24 September 2019
Ansel Elgort (“The Fault in Our Stars” and “Baby Driver”) stars once again in a story jam-packed with brutal emotion, but his soft eyes and impressive filmography do all but let “The Goldfinch” be the tear-jerker it deserves to be.
Based on Donna Tartt’s novel of the same name, “The Goldfinch” jumps back and forth between past and present as Theo Decker (Elgort) from the Upper East Side of New York City faces the incredible hardship of losing his mother in a museum explosion — all the while saving a prized painting and keeping it as his closest secret for eight years following the explosion. Looking loss, love and drug addiction straight in the eyes, Theo lives the life many fear having themselves.
Much of the film shows us Theo’s adolescence as a 13-year-old, which is already such a dramatic time in everyone’s life. This truly is where the film shines; young Theo (Oakley Fegley) expresses grief interestingly, not crying much but instead displaying signs of shock from trauma. Oakley Fegley’s performance is frankly impressive, it is almost like an invitation for the audience to enter his living nightmare.
Two scenes are especially impressive, probably because there is less dialogue and more pure emotion. In both scenes, Theo wakes up suddenly from a night terror hyperventilating. Theo’s new friend Boris, played by the massively popular Finn Wolfhard, hugs Theo in the second scene, calming him in a soft tone so he can fall back asleep. Two emotional moments, one terrifying and the other heartwarming.
Ansel Elgort’s scenes as adult Theo are less jarring, less heartwarming, often just confusing. “The Goldfinch” seems to lose some major pieces in between the explosion and present day. As an adult, he is an antique dealer, mentored by Hobie (Jeffrey Wright), and he is almost emotionless and deadpan in nearly every moment. Perhaps just a product of Elgort’s acting, perhaps purposefully a result of Theo’s trauma.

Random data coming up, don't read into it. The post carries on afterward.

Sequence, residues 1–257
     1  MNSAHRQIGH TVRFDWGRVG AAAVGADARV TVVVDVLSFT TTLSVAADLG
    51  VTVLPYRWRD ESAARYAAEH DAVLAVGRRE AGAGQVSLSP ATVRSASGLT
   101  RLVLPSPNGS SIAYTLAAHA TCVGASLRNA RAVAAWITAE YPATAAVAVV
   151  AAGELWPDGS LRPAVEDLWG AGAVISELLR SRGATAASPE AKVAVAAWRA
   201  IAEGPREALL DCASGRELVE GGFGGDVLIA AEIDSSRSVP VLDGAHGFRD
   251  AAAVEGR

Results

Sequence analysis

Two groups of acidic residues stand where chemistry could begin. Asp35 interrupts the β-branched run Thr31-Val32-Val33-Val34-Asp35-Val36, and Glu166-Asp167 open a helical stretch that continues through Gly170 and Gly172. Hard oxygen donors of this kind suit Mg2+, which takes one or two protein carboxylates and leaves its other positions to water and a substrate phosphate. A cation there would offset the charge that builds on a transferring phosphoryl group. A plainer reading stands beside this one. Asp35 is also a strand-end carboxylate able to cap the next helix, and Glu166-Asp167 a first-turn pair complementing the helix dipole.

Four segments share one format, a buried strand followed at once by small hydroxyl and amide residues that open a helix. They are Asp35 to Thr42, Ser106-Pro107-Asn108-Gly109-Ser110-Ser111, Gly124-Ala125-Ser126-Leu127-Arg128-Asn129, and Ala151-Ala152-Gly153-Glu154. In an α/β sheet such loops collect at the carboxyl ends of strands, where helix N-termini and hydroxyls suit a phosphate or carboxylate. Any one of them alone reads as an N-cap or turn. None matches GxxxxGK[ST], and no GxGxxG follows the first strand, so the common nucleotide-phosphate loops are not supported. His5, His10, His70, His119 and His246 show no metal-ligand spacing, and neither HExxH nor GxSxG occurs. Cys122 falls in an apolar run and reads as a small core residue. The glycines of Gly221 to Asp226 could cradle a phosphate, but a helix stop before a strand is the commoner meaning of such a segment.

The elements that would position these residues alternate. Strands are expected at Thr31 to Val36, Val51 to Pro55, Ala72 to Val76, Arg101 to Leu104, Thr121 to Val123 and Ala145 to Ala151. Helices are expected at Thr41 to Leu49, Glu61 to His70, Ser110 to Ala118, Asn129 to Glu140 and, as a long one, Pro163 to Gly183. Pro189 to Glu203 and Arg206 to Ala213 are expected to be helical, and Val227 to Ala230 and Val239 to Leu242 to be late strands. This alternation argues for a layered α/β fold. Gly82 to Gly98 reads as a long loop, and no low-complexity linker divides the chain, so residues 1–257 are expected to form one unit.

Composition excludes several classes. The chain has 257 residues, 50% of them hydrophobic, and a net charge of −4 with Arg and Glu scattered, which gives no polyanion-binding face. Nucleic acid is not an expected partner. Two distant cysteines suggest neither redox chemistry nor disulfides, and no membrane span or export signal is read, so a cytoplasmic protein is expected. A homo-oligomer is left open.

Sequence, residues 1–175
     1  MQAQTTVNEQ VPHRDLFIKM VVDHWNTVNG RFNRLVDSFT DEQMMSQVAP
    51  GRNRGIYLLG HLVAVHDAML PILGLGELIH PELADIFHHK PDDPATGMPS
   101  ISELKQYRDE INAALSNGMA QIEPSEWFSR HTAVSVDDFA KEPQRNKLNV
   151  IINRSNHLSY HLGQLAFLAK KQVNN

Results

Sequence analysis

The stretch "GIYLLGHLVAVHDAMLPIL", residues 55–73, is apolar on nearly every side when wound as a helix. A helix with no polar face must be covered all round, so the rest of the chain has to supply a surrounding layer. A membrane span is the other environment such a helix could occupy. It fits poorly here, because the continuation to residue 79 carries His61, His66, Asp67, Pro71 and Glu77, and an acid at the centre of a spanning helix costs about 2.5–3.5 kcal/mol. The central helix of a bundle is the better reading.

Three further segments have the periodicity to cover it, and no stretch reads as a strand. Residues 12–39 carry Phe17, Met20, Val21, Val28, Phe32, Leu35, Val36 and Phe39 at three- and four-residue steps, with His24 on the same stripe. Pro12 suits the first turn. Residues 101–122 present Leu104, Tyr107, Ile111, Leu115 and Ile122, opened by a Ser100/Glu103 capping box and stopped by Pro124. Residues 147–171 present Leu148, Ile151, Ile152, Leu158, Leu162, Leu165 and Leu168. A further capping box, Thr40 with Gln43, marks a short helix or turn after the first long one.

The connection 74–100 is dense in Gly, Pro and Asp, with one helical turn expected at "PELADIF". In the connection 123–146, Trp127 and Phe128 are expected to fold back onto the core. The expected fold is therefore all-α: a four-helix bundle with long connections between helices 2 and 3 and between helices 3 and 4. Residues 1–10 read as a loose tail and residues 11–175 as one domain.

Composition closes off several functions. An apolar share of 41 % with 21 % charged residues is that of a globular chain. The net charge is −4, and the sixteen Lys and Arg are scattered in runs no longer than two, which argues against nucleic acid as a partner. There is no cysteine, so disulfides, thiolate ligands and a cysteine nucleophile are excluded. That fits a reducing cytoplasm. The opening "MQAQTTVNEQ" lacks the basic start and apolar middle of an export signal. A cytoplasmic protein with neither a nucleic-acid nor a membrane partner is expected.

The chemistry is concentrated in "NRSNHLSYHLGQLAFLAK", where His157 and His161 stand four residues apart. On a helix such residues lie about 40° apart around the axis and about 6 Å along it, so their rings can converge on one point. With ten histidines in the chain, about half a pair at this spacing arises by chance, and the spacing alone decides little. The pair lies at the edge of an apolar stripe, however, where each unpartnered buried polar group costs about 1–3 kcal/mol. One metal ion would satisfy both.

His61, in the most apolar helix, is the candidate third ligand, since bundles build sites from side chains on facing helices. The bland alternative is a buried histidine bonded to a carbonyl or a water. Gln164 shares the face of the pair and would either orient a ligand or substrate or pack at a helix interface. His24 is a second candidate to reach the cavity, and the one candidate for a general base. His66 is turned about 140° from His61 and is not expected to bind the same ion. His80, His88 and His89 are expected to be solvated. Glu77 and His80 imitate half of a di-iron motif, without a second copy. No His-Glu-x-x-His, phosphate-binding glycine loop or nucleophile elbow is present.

Theo’s reconnection with the Barbours, who had taken him in temporarily after the accident, faced problems of its own, problems that could not be rescued by Nicole Kidman’s portrayal of Mrs. Barbour. Not to mention the naming scheme that tries too hard to be unique and interesting: Kitsey, Platt, Toddy and the normal Andy (plus many more scattered throughout the film).
For the most part, the emotions are all there for a typical audience to connect to. But the situation itself does less of a good job of releasing our eyes’ floodgates. After all, not everyone will bridge the sentimental gap between an average middle-class life and Theo’s immediate access to seemingly endless wealth. Thankfully, his not-so-glamorous father, played by Luke Wilson, fills the hole for audiences not connecting.
Director John Crowley’s rendition of the story is satisfactory with a fascinating color scheme and shots that steal the moment and work their way into the deepest points of our souls. A particular focus in the film are the museum scenes, where Theo’s mother is blurred from vision, and close-ups take precedence to enhance the tension. Best of all are the repeating images of the explosion itself, gray dust engulfing the silver screen.
While an interesting film to watch, it did not have the emotional effect I thought it would have, but if you cry easy, it may manage to get a few tears out of you. With such a star-studded cast, at the very least it is a safe bet that you will enjoy at least one of the big-name actors.